There appears to be division among the ranks of the National Union of Public Workers (NUPW) over its current protests over the reversion of its president to a junior position in the public service.
One veteran NUPW member told Barbados TODAY despite claims by the leadership to the contrary, the go-slow by customs and immigration officials has been a failure.
“We have customs and immigration officers sitting on the NUPW executive and they can tell you there is no go-slow. If that were the case all officers and executives would have been aware and there should be strategic plan put in place. There is none,” said the member, who asked that he not be identified.
According to the source, the images appearing in the media that appear to show lengthy lines did not give the full picture.
The queues, the source said, resulted from a rise in the number of arrivals and cruise passengers who were catching connecting flights.
“Our members are tired of being placed in the limelight like this when to them they are not involved in any industrial action or go-slow. We have now placed them back in the spotlight to be hated by the general public and that is reckless and I would never support that. At the end of the day, do not compromise our membership based on a perceived notion because there is no go-slow.”
The senior trade unionist charged that the border control officers wanted no part of the go-slow and had expressed concern to him that they were being vilified for industrial action they did not support.
He insisted that the union was unable to attract much support for its current cause because it had been practising double standards.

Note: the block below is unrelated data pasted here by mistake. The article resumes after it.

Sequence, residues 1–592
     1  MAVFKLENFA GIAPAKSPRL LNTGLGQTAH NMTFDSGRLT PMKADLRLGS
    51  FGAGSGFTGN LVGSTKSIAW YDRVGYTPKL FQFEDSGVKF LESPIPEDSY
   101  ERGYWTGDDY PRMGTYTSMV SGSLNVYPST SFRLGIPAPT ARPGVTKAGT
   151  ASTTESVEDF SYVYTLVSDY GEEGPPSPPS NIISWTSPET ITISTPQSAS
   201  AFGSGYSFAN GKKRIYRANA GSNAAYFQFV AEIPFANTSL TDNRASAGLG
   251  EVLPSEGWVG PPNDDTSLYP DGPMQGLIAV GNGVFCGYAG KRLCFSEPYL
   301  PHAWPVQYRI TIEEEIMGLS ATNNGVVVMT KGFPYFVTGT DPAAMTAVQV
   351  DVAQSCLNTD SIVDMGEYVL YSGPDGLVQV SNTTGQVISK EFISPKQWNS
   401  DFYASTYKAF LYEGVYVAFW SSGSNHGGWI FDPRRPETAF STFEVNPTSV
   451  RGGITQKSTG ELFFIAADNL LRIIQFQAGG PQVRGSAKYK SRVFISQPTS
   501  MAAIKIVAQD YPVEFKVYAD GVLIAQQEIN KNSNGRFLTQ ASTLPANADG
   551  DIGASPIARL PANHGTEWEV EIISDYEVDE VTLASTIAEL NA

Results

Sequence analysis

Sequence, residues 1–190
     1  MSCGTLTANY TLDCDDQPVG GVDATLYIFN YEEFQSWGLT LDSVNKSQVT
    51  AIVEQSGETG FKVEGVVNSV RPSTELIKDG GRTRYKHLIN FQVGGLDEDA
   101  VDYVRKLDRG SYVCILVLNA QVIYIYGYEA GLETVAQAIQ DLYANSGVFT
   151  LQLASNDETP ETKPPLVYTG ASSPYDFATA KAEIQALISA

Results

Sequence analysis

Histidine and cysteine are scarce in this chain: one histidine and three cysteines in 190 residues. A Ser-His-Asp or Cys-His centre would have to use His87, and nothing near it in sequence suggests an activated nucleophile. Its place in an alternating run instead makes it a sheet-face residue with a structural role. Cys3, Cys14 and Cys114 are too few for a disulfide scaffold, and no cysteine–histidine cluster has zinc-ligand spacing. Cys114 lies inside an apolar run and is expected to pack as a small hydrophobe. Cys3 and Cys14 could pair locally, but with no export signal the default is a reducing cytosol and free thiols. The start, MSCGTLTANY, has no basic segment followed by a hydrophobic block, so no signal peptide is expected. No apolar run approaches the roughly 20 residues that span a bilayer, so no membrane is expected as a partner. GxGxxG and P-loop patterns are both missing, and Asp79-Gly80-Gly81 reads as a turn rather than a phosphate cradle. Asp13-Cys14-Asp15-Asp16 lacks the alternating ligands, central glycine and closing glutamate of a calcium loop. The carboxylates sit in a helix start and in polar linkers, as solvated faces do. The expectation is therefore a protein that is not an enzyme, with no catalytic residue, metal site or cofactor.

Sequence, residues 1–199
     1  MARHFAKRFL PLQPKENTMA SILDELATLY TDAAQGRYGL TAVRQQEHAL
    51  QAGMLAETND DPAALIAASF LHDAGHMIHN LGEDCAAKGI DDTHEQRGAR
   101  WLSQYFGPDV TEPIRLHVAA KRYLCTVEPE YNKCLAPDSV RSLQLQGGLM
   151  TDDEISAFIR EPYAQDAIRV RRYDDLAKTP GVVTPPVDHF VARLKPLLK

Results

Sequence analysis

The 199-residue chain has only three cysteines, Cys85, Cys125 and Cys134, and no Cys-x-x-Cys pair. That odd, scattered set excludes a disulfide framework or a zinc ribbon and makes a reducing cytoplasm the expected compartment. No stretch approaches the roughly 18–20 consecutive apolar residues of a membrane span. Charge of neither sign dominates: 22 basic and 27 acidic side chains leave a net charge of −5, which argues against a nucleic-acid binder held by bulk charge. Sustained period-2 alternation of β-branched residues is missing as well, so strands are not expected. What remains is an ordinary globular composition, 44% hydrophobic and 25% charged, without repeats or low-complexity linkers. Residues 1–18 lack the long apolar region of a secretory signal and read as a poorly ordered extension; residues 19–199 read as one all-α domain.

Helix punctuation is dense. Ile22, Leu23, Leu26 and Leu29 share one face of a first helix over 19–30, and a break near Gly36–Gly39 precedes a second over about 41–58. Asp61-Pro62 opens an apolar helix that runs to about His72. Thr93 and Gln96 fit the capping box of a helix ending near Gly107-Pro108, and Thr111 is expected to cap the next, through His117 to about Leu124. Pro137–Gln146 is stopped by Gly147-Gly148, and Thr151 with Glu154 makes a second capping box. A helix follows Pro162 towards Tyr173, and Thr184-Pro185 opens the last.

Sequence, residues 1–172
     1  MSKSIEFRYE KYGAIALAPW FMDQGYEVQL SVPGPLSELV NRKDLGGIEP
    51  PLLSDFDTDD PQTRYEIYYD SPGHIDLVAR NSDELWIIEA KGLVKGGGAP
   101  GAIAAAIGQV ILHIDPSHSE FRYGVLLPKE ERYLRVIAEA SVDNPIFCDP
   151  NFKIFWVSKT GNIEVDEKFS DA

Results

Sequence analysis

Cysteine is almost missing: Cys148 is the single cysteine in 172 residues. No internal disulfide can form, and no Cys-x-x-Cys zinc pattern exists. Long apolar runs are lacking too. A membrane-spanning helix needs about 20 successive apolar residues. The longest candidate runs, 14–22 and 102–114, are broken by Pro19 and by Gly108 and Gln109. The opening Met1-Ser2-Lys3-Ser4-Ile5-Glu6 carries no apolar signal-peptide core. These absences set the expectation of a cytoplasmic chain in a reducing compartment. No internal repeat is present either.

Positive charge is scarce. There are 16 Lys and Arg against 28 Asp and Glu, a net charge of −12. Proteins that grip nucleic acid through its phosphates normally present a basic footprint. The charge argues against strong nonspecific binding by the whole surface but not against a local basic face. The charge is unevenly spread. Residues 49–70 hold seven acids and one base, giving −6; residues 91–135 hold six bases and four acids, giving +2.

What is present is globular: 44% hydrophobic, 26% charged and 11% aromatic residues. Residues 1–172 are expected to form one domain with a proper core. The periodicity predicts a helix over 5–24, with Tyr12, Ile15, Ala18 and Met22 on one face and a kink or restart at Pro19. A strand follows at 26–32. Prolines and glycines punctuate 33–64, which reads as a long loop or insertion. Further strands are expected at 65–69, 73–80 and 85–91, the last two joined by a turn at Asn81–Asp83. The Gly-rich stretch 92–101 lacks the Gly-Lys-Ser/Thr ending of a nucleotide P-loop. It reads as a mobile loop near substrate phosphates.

The source explained that while the NUPW was fighting to have Akanni McDowall returned to an acting senior position, it had ignored the plight of ordinary members who had “legitimate” grievances.
One such example, the source said, had to do with a case of supersession where a junior officer who had gone on study leave for four years, returned and was appointed to a senior post above a qualified candidate who had been interviewed for the post.
When the union was asked to take up the matter, it advised the aggrieved member to write to the Personnel Administration Division, the source said, showing Barbados TODAY a letter from the union dated November 1 in support of his point.
“Why would a member come in to have you deal with a matter like this and the NUPW would then tell them to write directly to the employer? That makes no sense. So you have legitimate cases like this and I am not talking about acting positions, I am talking about vacant positions where persons had a legitimate claim to be appointed in that position and the NUPW refused to deal with it.
“You would have recognized that members were not coming out to support the action because for them it is not legitimate,” he stressed.
Barbados TODAY was also able to independently confirm that immigration officers were at the entrance of the departure section of the Grantley Adams International Airport, collecting immigration forms from the air-to-sea cruise passengers in an effort to speed the process along.
Senior business and tourism officials have questioned the timing of the go-slow, complaining it would hurt the important sectors.